Martin Elliott, senior director of Mattel Inc.’s New Business Ventures, tells innovators how to avoid the budget cut thresher. Think like a V.C.
11. Even Procurement is Innovating
- Monday, December 01, 2014
Derick Kurdy from J&J and Neel Tilak from Janssen discuss the potency of an innovation culture in the procurement department and how it works with key suppliers.
They began with a story about the Band-Aid, about how the inventor made it as an act of love for his wife. The moral of the story; innovations start with a need that is cared for and executed for a real problem.
12. Why Corporate Innovations Fail
- Monday, November 24, 2014
Iliya Rybchin of the Highnote Foundry and formally of Bloomberg discusses where innovations break down in the corporate world. He was stronger than a good cup of coffee.
He comes out swinging. Warning: "I'm going to offend some people here." The room perked up. Then, Rybchin notes the most critical points of failure.
13. Building Innovation Networks
- Monday, November 17, 2014
This Learning Lab was presented at the Back End of Innovation 2014 Conference, by Ayelet Baron, Futurist, Simplifying Work and Innovator in Residence, Roche/Genentech.
“Get out of your work building and go into the world,” says the speaker. The team she is working with at Roche have started a program called “Get Out of the Building” as a way to not only get exposed to new ideas but also to build new relationships. It’s great advice.
14. Motivating the Corporate Elephant to Innovate
- Monday, November 10, 2014
VF Corp. created a series of Bright Spots to augment their product mix and sell the innovations inside the company to ensure the innovation eggs hatched in the market. The real goal was to change the culture to accept innovation.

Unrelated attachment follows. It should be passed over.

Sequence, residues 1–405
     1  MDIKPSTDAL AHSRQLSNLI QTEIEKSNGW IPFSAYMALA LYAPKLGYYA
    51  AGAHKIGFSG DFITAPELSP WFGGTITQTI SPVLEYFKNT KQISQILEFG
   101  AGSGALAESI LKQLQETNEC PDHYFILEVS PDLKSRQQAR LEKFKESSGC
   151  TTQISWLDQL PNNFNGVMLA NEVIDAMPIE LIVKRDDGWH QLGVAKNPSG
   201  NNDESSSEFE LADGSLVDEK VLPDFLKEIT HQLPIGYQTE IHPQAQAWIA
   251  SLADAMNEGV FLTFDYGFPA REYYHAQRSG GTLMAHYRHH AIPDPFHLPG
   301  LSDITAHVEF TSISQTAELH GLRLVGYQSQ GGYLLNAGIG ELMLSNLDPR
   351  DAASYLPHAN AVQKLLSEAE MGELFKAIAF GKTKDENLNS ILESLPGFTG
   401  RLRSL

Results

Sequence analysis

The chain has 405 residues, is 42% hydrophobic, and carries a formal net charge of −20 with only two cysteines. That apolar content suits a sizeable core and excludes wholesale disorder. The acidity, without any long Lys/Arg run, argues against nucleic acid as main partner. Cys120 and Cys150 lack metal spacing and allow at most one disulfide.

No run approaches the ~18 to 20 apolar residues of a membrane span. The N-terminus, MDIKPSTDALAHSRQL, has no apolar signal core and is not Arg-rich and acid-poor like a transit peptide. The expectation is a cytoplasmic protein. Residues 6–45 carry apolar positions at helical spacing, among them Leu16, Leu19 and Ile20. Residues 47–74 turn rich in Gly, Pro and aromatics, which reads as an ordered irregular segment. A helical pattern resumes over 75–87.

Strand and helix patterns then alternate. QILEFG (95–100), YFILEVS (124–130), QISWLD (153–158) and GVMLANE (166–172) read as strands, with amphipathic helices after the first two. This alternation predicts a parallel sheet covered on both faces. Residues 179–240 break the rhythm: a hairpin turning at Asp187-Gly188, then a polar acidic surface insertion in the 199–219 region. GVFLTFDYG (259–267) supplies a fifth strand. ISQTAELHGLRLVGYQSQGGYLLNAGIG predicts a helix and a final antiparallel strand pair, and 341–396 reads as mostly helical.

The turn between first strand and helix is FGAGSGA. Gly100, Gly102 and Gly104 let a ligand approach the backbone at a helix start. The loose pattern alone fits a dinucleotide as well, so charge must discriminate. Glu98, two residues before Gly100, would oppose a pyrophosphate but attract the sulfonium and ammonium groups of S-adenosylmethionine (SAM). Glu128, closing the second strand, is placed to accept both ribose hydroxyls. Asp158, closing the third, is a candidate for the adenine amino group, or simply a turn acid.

15. Navigating a New Era of Medical Innovations
- Monday, November 03, 2014
Executive director of Cleveland Clinic Innovations, Gary Fingerhut, discusses the emerging era of medical innovation and commercialized new inventions and platforms.
Fingerhut opens by echoing a recurring theme; innovation begins with empathy. A deep understanding of the humanity, the personal narratives, fears and inspirations of patients empowers better care and inspires hospital systems to treat people differently than in the past.
16. Key Tools for the Backend of Innovation
- Monday, October 27, 2014
Alekasandro Grabulou, director of innovation and development of Philips, talks about key tools for redefining the role of innovation in a fast-paced era.
Philips is a leader in health care, consumer lifestyle and lighting. And, they fused their front end and back end innovation efforts with great results and a compelling story.
17. Midnight Lunch: Innovation Insights
- Monday, October 20, 2014
Sarah Miller Caldicott, the grandniece of Edison and CEO of Power Patterns of Innovation, presents “Midnight Lunch: Building an Innovator’s Toolkit for Success.”
What was Edison’s execution process?
18. Bringing Innovation to Innovation
- Tuesday, October 14, 2014
Notes from a keynote by John Kao, BEI 2014, Las Vegas
2.6 billion Google queries were on "innovation" last month, Kao posits. The issue, there is no shared definition, or mental map, of innovation. We are creating a tower of Babel effect.
19. Financial Elements of the Innovation Process
- Monday, October 06, 2014
Innovation is a saturated field, but one with a hole in it. Many companies can generate thousands of potentially valuable ideas, but have no accepted cultural method for placing a value on them.
Many of these same companies can do Wicked Thinking, block out Business Model Canvases, and follow a Design Thinking Sprint, but they lack credible and concrete thinking about the financial side of their innovation concepts as the front-end process is progressing.
20. Soft Skills for Emerging Leaders
- Monday, September 29, 2014
As a professional, as a leader, even as a brand ask yourself this critical question: are you empathetic? Do you have the genuine ability to “understand and share the feelings of another.”
21. The Only Difference: Mindset
- Monday, September 22, 2014